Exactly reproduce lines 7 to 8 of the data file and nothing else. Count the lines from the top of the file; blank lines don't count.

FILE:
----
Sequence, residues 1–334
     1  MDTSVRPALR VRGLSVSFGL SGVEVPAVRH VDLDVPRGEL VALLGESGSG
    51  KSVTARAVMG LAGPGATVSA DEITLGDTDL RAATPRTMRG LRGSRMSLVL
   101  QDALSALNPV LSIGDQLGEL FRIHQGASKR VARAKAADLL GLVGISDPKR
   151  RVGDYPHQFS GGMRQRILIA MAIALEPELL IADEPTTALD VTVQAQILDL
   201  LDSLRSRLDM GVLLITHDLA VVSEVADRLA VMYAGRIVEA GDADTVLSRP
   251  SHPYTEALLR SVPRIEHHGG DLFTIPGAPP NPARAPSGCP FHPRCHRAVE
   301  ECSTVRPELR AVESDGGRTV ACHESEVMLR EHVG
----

   251  SHPYTEALLR SVPRIEHHGG DLFTIPGAPP NPARAPSGCP FHPRCHRAVE
   301  ECSTVRPELR AVESDGGRTV ACHESEVMLR EHVG